SAN DIEGO (KGTV) — San Diego's Board of Supervisors announced 11 legally enforceable health orders to combat the spread of the coronavirus pandemic.
The new health orders included:
- All public or private “gatherings,” defined as any event or convening that brings together 50 or more people in a single room or single space at the same time, such as an auditorium, stadium, arena, theater, church, casino, large conference room, meeting hall, cafeteria, or any other theater, church, casino, large conference room, meeting hall, cafeteria, or any other indoor or outdoor space, are prohibited. All non-essential gatherings of any size are strongly discouraged;
- All bars, adult entertainment establishments, and other business establishments that serve alcohol and do not serve food, shall close;
- All restaurants and other business establishments that serve food shall close all on-site dining. All food served shall be by delivery, or through pick-up or drive thru. Social distancing shall be required for persons picking up food on site.
- All businesses shall enact social distancing, increased sanitation standards, and shall make every effort to use telecommuting for its workforce. All businesses shall suspend any policy or procedure requiring doctor verification for sick or other leave approval;
- All public or private schools, colleges, and universities shall not hold classes or other school activities where students gather on the school campus. Parents of school-aged minor children shall take steps to ensure said children are not participating in activities prohibited by the Order and that social distancing requirements are practiced;
- A strong recommendation is made that all persons who are 65 years old or older, have a chronic underlying condition, or have a compromised immune system self-quarantine themselves at home;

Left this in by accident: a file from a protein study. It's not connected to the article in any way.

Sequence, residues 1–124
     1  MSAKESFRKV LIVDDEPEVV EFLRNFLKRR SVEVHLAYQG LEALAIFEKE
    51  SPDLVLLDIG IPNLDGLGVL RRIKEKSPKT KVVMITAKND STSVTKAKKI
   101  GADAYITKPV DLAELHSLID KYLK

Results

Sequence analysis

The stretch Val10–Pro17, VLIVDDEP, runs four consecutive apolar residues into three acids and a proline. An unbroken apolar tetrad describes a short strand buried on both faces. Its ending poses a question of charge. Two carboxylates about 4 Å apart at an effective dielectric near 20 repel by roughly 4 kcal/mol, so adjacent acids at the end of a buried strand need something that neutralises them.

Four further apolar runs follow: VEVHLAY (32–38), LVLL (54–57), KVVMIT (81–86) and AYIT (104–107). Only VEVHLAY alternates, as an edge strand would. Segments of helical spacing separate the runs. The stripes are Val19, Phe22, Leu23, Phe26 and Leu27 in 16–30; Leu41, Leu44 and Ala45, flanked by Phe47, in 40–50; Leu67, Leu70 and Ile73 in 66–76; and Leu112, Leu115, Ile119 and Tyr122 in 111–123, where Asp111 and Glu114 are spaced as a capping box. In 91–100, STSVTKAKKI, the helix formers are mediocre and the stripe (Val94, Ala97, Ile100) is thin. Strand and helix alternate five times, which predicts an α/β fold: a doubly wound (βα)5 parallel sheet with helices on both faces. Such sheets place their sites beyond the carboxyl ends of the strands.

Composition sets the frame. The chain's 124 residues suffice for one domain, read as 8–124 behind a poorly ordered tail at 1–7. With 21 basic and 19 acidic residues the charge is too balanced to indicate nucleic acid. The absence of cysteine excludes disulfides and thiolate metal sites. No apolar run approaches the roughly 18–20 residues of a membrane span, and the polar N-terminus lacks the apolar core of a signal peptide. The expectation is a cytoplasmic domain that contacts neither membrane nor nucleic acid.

- “Non-essential personnel,” defined as employees, contractors, or members of the public who do not perform treatment, maintenance, support, or administrative tasks deemed essential, are prohibited from entry into any hospital or long-term care facility. All essential personnel who show any potential signs or symptoms of COVID-19 shall be strictly prohibited from entry into hospitals or long-term care facilities;
- Hospitals and healthcare providers shall take measures to preserve resources including delaying non-emergent or elective surgeries or procedures where feasible;
- Hospitals, healthcare providers, and commercial testing laboratories shall report all COVID-19 test results to the Public Health Officer immediately after such results are received;
- All persons arriving in the county, from locations as found on the Centers for Disease Control and Prevention (CDC) Warning Level 3 Travel Advisory shall be subject to 14-day home quarantine, self-monitoring;
- A strong recommendation is made for persons exhibiting mild to moderate symptoms of COVID-19 to self-isolate themselves in their place of residence unless seeking medical treatment
The new orders go into effect at 12 a.m. Tuesday.
"It is not a request, it is not a suggestion. It is a legal order," Supervisor Nathan Fletcher told reporters Monday.
Three of the new public health orders were described, however, as strong recommendations by County Public Health Officer Wilma Wooten.
The order does not ban operations at airports, public transportation, or other spaces where 50 or more people may be in transit but able to practice social distancing. It also doesn't include essential businesses where many people are present but are able to practice social distancing, the order say.
The order also doesn't affect emergency shelters, homeless shelters, or other similar essential gatherings that are for the protection of public health and safety and where appropriate precautions are taken.
"It's going to be a strain on individuals and the local economy, but we will get through this," Supervisor Greg Cox said.
The county has requested 238 hand-washing stations and has installed about 180 to assist the county's homeless population in combating the virus' spread.
Testing is increasing in San Diego County, but not widely available, according to Dr. Eric McDonald, medical director of the San Diego County HHSA’s Epidemiology and Immunization Services Branch.
The county is advising that only those who need medical case should be tested. Those with mild symptoms are recommended to stay home.
Currently, San Diego's public health lab can test up to 120 tests per day. County tests are now also final and do not need to be sent to the CDC for confirmation.
Health officials also announced San Diego County's current number of coronavirus cases have increased to 55 patients, including 47 San Diego residents and eight patients in federal quarantine at MCAS Miramar.
Globally, there have been about 180,000 cases and 7,000 deaths. In the U.S., 4,002 cases have been reported, with 71 deaths.